Entwicklung, Aufbau und Charakterisierung einer variabel repetierenden, spinpolarisierten Elektronenkanone mit invertierter Isolatorgeometrie

Entwicklung, Aufbau und Charakterisierung einer variabel repetierenden, spinpolarisierten Elektronenkanone mit invertierter Isolatorgeometrie

Development, construction and characterization of a variable repetitive spin-polarized electron gun with an inverted-geometry insulator

PhD thesis

Ultra-high vacuum chamber and an electrode with Pierce geometry (inverted geometry)
Ultra-high vacuum chamber and an electrode with Pierce geometry (inverted geometry)

Within the scope of this thesis a pulsed source of spin polarized electrons Photo-CATCH was designed, constructed, characterized and has been put into operation. This source is based on the photoemission of spin-polarized electrons from GaAs-photocathodes.

Both the design of the electron gun, consisting of an ultra-high vacuum chamber and an electrode with Pierce geometry, as well as the properties of the electronbeam have been simulated with CST Studio. Results were a maximum electric field of (0.064 ± 0.001) MV / m*kV on the electrode surface and a beam emittance as a function of the radius of the laser spot on the photocathode of εn,x =(1,7478(4)*10-4*r/µm + 2,8(18)*10-5) mm*mrad at a beam current of 100 µA Currently Photo-CATCH provides electron beams with an energy of 60 keV, which can be expanded up to 100 keV by upgrading the high-voltage power supply. The electron gun has an inverted-geometry insulator to ensure a compact design of the ultra-high vacuum chamber and a maximum person- and machine-safety from sparkovers.

Since the properties of the laser light directly affect the properties of the generated electron beam a pulsed semiconductor laser system has been specially developed and built for Photo-CATCH. This is characterized by a high variability of its operating parameters, in particular its wavelength and repetition rate, in order to fulfill the broad variety of requirements of various nuclear physics experiments. By selecting the wavelength of the used laser diode highly polarized or high-current electron beams can be generated from GaAs-photocathodes. The time profile of the laser has direct influence to the longitudinal profile of the electron bunch. Through the radiofrequency modulation of the pumping current of the impedance-matched semiconductor laser system, consisting of a DC power source and an electrical pulse generator with 881 ps broad pump pulses, Lorentz shaped laser pulses with a minimum FWHM of (43.8 ± 1.2) ps at a pulse energy of (94.1 ± 4.7) pJ could be achieved. The behavior of the laser system and the used spiking effect of the transient response has been simulated and experimentally confirmed. Thus electric pump pulses with a length of about 350 ps are capable of generating ultrashort laser pulses of a few picoseconds. The repetition rate of the laser is directly determined by the electrical pulse generator, which gives a discrete variation of 0.61MHz to 2.9971 GHz for time-of-flight experiments and continuous electron beams at Photo-CATCH. In addition, it was possible to determine the excited state lifetime of the laser diode to (53.0 ± 4.7) ps.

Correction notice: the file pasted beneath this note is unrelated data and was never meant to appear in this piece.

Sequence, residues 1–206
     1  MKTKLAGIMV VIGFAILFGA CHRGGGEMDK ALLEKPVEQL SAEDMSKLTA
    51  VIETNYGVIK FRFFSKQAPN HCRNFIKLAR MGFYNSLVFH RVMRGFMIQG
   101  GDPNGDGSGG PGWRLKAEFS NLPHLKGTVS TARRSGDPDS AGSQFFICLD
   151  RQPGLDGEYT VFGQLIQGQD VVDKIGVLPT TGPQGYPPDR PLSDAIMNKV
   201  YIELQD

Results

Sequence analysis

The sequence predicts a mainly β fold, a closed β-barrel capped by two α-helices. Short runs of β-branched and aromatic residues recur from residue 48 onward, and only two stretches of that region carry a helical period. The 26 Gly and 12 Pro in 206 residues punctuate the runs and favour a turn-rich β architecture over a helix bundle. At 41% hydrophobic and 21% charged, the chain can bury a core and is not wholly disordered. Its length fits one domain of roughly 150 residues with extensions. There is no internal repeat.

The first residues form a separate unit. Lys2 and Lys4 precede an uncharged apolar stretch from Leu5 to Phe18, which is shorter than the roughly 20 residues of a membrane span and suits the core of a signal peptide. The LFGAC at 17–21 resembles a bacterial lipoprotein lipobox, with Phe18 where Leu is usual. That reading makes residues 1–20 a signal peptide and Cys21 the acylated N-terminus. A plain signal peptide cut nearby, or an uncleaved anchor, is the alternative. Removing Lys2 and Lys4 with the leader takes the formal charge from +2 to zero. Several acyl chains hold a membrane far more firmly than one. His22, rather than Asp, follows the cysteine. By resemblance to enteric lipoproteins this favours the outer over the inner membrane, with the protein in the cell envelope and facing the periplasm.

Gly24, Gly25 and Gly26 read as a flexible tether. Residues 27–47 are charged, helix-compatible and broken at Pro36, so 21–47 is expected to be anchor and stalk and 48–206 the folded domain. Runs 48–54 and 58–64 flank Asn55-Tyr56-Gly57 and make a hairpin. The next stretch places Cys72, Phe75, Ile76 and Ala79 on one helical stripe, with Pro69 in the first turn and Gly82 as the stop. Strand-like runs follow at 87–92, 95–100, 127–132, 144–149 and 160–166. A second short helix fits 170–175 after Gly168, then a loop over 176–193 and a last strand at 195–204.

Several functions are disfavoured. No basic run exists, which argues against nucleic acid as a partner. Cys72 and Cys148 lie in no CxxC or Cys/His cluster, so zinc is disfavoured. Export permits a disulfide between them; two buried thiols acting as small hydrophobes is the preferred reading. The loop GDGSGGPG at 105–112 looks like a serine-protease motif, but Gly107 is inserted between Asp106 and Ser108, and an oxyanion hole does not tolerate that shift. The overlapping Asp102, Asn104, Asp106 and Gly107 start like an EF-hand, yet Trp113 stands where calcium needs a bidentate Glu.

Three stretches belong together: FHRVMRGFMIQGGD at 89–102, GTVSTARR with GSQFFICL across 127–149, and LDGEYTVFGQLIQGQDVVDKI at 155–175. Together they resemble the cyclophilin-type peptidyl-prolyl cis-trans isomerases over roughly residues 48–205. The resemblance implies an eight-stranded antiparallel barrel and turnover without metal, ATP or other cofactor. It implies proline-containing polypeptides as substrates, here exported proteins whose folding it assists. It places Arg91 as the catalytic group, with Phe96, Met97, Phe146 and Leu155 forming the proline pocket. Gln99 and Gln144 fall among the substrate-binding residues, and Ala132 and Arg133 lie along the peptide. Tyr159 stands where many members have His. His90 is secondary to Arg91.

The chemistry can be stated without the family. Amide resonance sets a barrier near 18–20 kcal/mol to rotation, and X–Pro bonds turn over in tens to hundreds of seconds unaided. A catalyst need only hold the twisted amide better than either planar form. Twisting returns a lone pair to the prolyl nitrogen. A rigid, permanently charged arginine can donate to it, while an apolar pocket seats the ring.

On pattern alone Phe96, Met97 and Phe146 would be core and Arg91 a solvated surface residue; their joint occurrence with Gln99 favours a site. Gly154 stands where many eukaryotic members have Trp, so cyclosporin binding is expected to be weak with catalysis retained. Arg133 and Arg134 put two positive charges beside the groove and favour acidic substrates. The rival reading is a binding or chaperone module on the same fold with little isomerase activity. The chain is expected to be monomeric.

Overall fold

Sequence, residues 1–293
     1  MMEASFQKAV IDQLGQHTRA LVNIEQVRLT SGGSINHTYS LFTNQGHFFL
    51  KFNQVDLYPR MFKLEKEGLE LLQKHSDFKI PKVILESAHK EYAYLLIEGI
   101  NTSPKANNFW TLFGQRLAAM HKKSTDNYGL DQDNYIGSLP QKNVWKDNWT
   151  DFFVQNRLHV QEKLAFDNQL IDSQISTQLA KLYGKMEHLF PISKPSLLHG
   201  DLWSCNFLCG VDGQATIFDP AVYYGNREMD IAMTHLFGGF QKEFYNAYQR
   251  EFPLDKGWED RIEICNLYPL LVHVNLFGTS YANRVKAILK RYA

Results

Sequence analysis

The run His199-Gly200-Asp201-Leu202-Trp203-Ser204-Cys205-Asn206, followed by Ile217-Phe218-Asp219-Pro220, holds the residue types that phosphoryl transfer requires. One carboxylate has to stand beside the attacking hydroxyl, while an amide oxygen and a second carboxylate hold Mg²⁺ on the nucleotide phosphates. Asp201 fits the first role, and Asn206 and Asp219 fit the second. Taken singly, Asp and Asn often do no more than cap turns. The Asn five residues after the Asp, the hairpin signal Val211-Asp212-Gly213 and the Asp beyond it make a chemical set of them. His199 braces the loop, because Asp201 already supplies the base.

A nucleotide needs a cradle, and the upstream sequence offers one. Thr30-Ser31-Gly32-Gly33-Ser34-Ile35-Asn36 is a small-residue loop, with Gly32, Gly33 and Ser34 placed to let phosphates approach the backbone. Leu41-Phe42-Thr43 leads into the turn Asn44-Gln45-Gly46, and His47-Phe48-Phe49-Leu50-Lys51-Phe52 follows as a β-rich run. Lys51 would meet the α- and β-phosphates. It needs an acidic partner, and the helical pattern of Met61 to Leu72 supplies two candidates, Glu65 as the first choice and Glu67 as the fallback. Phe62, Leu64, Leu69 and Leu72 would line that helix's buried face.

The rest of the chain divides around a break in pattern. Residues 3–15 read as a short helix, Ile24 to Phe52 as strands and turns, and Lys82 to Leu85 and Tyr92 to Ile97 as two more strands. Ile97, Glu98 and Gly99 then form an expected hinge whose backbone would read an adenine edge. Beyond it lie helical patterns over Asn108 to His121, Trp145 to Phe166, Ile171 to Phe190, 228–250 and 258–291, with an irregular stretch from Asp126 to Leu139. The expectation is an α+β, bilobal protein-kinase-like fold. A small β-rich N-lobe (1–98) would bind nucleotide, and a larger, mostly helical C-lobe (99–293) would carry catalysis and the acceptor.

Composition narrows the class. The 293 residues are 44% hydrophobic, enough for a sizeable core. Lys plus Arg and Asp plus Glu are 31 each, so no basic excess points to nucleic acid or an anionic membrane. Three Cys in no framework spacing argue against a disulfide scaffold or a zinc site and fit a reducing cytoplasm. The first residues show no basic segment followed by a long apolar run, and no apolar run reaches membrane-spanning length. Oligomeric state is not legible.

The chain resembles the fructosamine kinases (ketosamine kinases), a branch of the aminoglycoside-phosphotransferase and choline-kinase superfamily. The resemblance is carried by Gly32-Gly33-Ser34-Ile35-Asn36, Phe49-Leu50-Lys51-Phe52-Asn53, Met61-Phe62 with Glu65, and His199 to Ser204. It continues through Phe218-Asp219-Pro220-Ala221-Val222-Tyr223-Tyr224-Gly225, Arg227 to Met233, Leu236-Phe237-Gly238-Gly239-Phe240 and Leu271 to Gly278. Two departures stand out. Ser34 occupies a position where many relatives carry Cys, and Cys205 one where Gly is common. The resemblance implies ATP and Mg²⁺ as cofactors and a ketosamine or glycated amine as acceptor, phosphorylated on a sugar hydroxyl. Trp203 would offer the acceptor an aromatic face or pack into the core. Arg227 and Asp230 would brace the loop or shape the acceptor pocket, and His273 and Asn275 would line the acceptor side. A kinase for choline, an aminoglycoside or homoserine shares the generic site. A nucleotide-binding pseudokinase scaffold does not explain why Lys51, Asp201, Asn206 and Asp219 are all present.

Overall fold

To characterize the electron beam a beamline has been designed and built. The determination of the beam emittance is accessible via two wirescanners. The electromagnetic fields of aWien filter and a solenoid are capable of rotating the electron spin throughout the entire solid angle up to an electron energy of 100 keV, while a double-Mott-polarimeter is used to determine the degree of polarization. A deflector cavity with an unloaded quality of 10577 ± 175 and a coupling factor of 1.0038 ± 0.0002 is used for the transfer of the longitudinal electron bunch profile in the transverse plane, thus polarization and current profiles of the electron bunches can be measured with a resolution of less than 1 ps. An optical system to generate a supercontinuum enables wavelength-dependent quantum efficiency and polarization measurements of GaAs-photocathodes in a range of 480nm to 1000 nm.

In order to control and read out all of the components of Photo-CATCH and the lasersystem, a control system has been developed, which allows the operator a clearly arranged and intuitive control through a LabVIEW-based user interface and a gamepad.

Publications